I had to believe it was fact now, the infuriating man’s death. I don’t know why I bothered attempting to prevent it in the first place. None of Gard’s predictions, at least not the ones she’s actively spoken about, have been wrong. I sighed, and it ended in a soft, whining noise I’d never make in public again. Harry Dresden was dead. I could not change that fact without having that White Council of his on my ass, and that was not something I needed just then, not with my newly blossomed power through the Accords. I didn’t need more targets on my back than I already had. I found myself not really caring, wanting to call Gard back in and have her research ways he could be returned to the mortal plane. It was wrong of me to think it, perhaps disgusting, because there was a good chance that what came back wouldn’t be all Harry, a chance that he was happy wherever he was now. He deserved happiness more than most I knew. I didn’t want to tear him away from that, force him into some sort of half-life he didn’t ask for, didn’t want. I closed my eyes and rubbed the palm of my hand against them to try and alleviate the ache. It only intensified as I sunk deeper into numbness with the knowledge. Brilliant, scarlet rage began to fight against it, though, overwhelm the sadness, the numbness, the everything.

Someone had come into Chicago, my city, and killed my wizard without me knowing. They’d torn away a life before its time, perhaps not an innocent one, but one that was inherently, purely good. The man had already had everything taken from him, these past few days, his home, his office, his car. His life had been all he’d had left, and someone had stolen it. A thief and a killer of the lowest order. I’d make them regret it. I’d make them sob. I’d make them beg to die and I wouldn’t let them. I’d keep them alive, I’d torture them, send them to the brink only to reel them back, over and over and over until I was satisfied, and I’d never be satisfied because Harry was gone and he didn’t deserve it. He deserved it less than any other man I’d ever met.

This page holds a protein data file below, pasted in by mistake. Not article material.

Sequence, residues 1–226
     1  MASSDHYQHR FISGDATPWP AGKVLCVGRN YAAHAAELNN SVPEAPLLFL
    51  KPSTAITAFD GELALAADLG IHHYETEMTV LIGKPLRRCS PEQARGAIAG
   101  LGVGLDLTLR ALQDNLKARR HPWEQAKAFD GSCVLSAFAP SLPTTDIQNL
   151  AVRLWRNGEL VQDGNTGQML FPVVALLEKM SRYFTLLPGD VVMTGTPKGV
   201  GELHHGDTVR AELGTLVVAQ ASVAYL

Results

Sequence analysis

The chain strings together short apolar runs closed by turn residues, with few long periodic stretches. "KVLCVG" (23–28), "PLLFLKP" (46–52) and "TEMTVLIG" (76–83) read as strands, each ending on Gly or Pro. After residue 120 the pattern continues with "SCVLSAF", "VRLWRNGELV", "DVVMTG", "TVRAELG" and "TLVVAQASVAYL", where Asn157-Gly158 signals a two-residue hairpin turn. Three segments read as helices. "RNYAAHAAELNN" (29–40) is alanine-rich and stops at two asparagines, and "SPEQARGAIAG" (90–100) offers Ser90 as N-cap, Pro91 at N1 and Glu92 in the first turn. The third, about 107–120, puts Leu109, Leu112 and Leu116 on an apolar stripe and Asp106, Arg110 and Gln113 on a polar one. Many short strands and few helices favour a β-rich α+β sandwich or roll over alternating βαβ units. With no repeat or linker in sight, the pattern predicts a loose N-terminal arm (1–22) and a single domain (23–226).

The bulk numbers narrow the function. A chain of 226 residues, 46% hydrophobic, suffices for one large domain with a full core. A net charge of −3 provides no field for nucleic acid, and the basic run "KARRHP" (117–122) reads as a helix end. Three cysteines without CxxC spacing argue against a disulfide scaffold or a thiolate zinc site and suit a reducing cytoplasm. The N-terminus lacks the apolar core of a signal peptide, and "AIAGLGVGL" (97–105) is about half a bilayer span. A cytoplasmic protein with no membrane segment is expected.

Harry had battled valiantly, saved his daughter (Vadderung had been quick to tell me of his relationship with the little girl he wished to retrieve so desperately), and wanted nothing but rest. He’d gotten it eternal. Or he’d gotten more suffering. I’m a lapsed catholic, have been for many years. I don’t quite trust in God’s perfect goodness, his all-encompassing might. I don’t quite trust that he’d give a fair shake to the scraggly wizard who’d killed and battled his entire life like an animal. I shook my head. It wouldn’t do to think of that, not then, because it might send me off doing something… ill-advised. I rubbed at my skull, pinched the bridge of my nose, sighed again. My voice was rough, tired. My hands were both at least moderately still, however. With another deep breath I had them completely back to normal, my walls mostly back up to snuff. I picked up the phone and started making calls to my guys, sending them out to find out just who it was that had sent out that fateful bullet.

My guys sounded frightened of me. That doesn’t happen often, if ever. The closest they generally come is when I’ve got them out looking for a child, or someone who’s known to have involved one, and that’s more a fear of disappointing me than a fear of me. Now their voices were slow and stuttering, and I could nearly hear it when they flinched away from my words, my tone. It was worse with those who were closer to me, the ones who knew about magic, knew Harry could use it, knew we’d worked together, knew how I felt about the wizard despite the steps I’d taken to hide it. God. My foot was tapping against the floor, rapid-fire, as though it wanted me to stand up and do some sort of dance. I fought with it for a while, and finally managed to make it stop, only to find myself twining my fingers around one another under the desk, popping my knuckles. I wasn’t twitchy, I couldn’t be. Men like me, when they got twitchy, they got dead, and they got there fast. I wouldn’t be any good to Harry that way, wouldn’t be able to avenge him. I shoved away the thought that maybe if I died I could see him again. If heaven was even a real thing, a real place, there was no god in this world or any other that would be willing to send me there. Harry had to be there, in heaven. I’d make myself go crazy if I thought there was any possibility he wasn’t.